Here follows a list of animals and other things associated with Gods, in particular the Twelve Olympian Gods and Diónysos. Many of these shapes are already available as cookie-cutters and others can be constructed oneself (see below for ideas on making your own cookie-cutters):

Ækáti (Hekate): Dog, Weasel; Twin-Torches

Ærmís (Hermes): Cattle, Hawk, Sheep, Tortoise; Kirýkeion (Caduceus, Κηρύκειον)

Ǽrôs (Eros): Hare; Apple, Rose, Bow & Arrow, Wings

Æstía (Hestia): Swine; Flame or Fire, Kettle

Aphrodíti (Aphrodite): Goose, Hare, Sparrow, Turtle dove; Apple, Rose-flower

Apóllôn (Apollo): Dolphin, Mouse, Raven, Swan, Wolf; the Sun; Laurel-wreath, Lyre, Bow & Arrow, Tripod

Áris (Ares): Eagle Owl, Serpent, Vulture, Woodpecker; Spear, Warrior-Helmet

Ártæmis (Artemis): Bear, Deer, Dog, Guinea fowl, Quail, Wild boar; the Moon, Bow & Arrow

Asklipiós (Asclepius): Snake; Serpent-Staff

Athiná (Athena): Crow, Little Owl; Warrior-Helmut

Dimítir (Demeter): Beehive, Bees, Gecko, Serpent, Swine; Wheat-Ear/Sheaf, Torch-staff

Diónysos: Bull, Donkey, Goat, Leopard, Lynx, Serpent, Tiger; Thýrsos (Pine-cone Staff; Gr. Θύρσος), Grapes, Ivy

Ílios (Helios): Rooster, White Horse

Íphaistos (Hephaestus): Crane, Donkey; Flame or Fire, Hammer, Anvil

Íra (Hera): Cow, Crane, Cuckoo, Lion, Peacock; Lotus-staff

Iraklís (Hercules or Heracles; Gr. Ἡρακλῆς): Lion ; Knurled-Club, Lion-skin

Krónos (Cronus): Ox, Bees, Beehive

Poseidóhn (Poseidon): Bull, Fish, Dolphin, Horse; Pine-tree, Trident

Rǽa (Rhea): Lion

Zefs (Zeus): Bull, Golden eagle, Lion, Wolf; Oak Leaf, Lightning

Here are a couple sources of cookie-cutters:

Copper Gifts: Cookie Cutters by Theme

You can also make your own cookie-cutters:

Fancy Flours -- Inspired Baking : Cookie Cutters : Make Your Own Cookie Cutter!

How to Make Cookie Cutters: 6 steps - wikiHow

Barley and Wheat Offerings to the Dead:

Barley seeds are traditional offerings to the souls of animals who have died and are between lives. Wheat seeds are traditional offerings to the souls of humans who have died and are between lives, such as the souls of our ancestors.

Votive Offerings:

A dedicatory or votive offering, called an anáthima (anathema, ἀνάθημα, see the glossary entry below), is some kind of gift, usually an object of some kind (it can also be a promised act), offered to a God after a prayer request has been fulfilled, or sometimes the gift is offered before the attainment of one's wish, in hopes of its fulfillment. The Greek word for a votive offering is anáthima (ἀνάθημα). In antiquity, such offerings were usually set up in a temple. In current usage, the anáthima may be set up in a shrine near the home altar. The suppliant can offer small gifts, pottery or bronze, in the shape of an arm or leg or other part of the body in hope for healing; this was traditional in ancient times in the temples of Asklipiós (Asclepius, Ἀσκληπιός). A suppliant may offer a ceramic such as a kratír (krater, κρατήρ) etc. dedicated to a beloved God and placed in a place of honor. A statue of something dear to a beloved God may be given as a present, such as in the picture on the left, a bronze deer for Ártæmis (Artemis, Ἄρτεμις)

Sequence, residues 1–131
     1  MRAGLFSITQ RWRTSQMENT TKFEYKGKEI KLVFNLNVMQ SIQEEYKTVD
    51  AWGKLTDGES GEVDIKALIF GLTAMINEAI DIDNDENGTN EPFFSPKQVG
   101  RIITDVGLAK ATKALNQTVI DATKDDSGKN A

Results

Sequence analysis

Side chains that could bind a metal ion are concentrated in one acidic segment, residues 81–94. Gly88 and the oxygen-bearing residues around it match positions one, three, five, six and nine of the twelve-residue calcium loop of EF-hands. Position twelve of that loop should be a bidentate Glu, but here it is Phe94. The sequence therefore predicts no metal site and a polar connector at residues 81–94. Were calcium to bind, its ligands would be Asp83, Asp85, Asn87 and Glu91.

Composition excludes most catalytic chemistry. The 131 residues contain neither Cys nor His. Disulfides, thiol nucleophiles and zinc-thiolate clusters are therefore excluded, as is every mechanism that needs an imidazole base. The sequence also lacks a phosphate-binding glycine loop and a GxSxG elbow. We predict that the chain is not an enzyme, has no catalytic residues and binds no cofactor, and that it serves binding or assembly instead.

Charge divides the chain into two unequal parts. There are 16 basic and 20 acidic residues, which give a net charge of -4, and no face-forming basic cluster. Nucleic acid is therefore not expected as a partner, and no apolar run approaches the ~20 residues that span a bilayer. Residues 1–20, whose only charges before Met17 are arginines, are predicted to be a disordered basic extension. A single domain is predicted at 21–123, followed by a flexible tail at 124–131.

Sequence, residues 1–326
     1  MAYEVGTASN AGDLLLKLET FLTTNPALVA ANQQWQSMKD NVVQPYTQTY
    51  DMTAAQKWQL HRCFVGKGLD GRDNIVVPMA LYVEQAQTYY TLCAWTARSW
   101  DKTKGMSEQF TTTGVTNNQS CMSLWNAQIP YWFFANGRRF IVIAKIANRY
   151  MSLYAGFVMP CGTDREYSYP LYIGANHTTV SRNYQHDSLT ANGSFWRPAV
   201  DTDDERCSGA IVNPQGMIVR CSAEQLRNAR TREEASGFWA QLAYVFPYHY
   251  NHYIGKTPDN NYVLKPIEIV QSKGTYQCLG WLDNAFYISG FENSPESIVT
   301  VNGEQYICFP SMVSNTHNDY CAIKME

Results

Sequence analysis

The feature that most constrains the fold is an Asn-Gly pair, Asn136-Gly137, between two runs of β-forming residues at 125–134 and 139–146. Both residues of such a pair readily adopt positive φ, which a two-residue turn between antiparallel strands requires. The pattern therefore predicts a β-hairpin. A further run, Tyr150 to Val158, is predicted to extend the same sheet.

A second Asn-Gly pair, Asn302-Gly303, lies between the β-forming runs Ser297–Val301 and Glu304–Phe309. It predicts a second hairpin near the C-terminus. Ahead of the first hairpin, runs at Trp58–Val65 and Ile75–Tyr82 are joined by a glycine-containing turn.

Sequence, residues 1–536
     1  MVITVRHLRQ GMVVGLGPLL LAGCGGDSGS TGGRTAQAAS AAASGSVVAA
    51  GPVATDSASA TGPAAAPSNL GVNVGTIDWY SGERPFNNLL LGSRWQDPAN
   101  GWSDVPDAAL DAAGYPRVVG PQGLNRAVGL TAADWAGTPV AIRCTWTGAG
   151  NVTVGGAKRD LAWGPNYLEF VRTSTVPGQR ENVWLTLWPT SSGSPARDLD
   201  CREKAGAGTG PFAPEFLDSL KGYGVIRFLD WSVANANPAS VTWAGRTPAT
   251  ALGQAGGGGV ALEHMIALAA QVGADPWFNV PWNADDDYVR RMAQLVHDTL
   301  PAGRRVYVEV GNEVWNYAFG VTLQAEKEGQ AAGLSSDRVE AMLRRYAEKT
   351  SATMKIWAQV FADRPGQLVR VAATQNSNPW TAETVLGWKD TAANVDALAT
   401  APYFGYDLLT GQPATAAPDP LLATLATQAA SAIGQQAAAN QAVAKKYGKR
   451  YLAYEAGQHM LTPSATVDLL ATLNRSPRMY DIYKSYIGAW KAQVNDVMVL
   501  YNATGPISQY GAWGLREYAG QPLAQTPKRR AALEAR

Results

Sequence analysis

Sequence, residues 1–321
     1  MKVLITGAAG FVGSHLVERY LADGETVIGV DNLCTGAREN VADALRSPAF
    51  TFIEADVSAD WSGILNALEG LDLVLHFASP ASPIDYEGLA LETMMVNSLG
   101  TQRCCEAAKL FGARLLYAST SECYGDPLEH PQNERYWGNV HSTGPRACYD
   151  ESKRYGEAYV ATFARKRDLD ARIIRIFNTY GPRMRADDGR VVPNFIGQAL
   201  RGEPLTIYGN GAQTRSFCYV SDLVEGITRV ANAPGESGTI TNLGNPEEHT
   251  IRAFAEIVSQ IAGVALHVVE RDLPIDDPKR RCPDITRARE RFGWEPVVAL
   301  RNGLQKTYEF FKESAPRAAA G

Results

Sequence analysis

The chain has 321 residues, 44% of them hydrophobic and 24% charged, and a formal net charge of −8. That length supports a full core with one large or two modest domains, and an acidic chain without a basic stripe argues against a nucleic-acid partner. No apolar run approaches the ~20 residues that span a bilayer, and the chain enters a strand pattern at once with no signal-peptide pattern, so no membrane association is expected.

THE ÆRMÍS (HERMES) JAR: Some people have a practice of placing a sum of money in a jar whenever they have good luck, the proceeds to be distributed to those in need.

SONG, POETRY AND DANCE: Those who are inspired make songs, poetry, and dance to the Gods. These can be offered during the offering section of ritual.


Contests of various types were conducted as offerings for Gods, as an entertainment for Gods, at all the major sanctuaries in antiquity. The games were held in honor of the God to whom the temple complex was dedicated. The most famous of these contests were the pan-Hellenic Olympic Games in honor of Zefs (Ζεύς). The contests were mostly athletic, and you can still see, for instance, the ancient racetrack for horse/chariot racing at Dælphí (Delphi, Δελφοί), the seat of Apóllôn (Apollo, Ἀπόλλων). But there were many types of contests for wrestling, boxing, and other athletic skills. There were also competitions of poetry and music. Such a contest, both athletic and musical or literary, was called an Agóhn (Agon; Gr. ἀγών) and the participants competed for a prize called the áthlon (prize; Gr. ἆθλον). Funerary contests such as these were also held as commemorative offerings for beloved warriors such as Akhilléfs (Achilles, Ἀχιλλεύς). Agóhnæs (agones, αγώνες, plural of ἀγών) have been held in modern times on a much smaller scale, the author seeing mostly poetry contests for particular Gods.

OFFERINGS CAN BE MADE IN A SPECIAL VESSEL, usually associated with the Mystíria (The Mysteries; Gr. Μυστήρια), called the Kǽrnos (Kernos, Κέρνος)

AFTER RITUAL, what should we do with the libations, food offerings, spent charcoal, etc.? Please visit this page:

Proper Care of Offerings After Ritual


Ágalma (Gr. άγαλμα, ΑΓΑΛΜΑ. Plural is agálmata; Gr. Gr. αγάλματα, ΑΓΑΛΜΑΤΑ) Ágalma is a cult-image or sacred statue. An ágalma can be seen as a votive offering dedicated to the God it represents.

- Cf. Anáthima.

Æpivatíria - (epibateria; Gr. ἐπιβατήρια, ΕΠΙΒΑΤΗΡΙΑ) sacrifices on disembarkation.

Æxefmænistírion - (exeumenisterion; ἐξευμενιστήριον, ΕΞΕΥΜΕΝΙΣΤΗΡΙΟΝ) propitiatory offering.

Agóhn - (Agon; Gr. ἀγών, ΑΓΩΝ, Plural αγώνες) Agóhn means contest or game. Here we are speaking of games not as an entertainment, but as a religious offering, as in the familiar pan-Hellenic Olympian (for Zefs, Ζεύς) or Pythian (for Apóllôn, Ἀπόλλων) Games. These were games conducted as a gift to the God, for which one competed for an áthlon (prize; Gr. ἆθλον). Agóhnæs (agones, αγώνες) were conducted at all major shrines for deities. The contests were athletic, but could also be musical or poetic. Agóhn, which also means a "struggle," is the etymological root for the English word agony.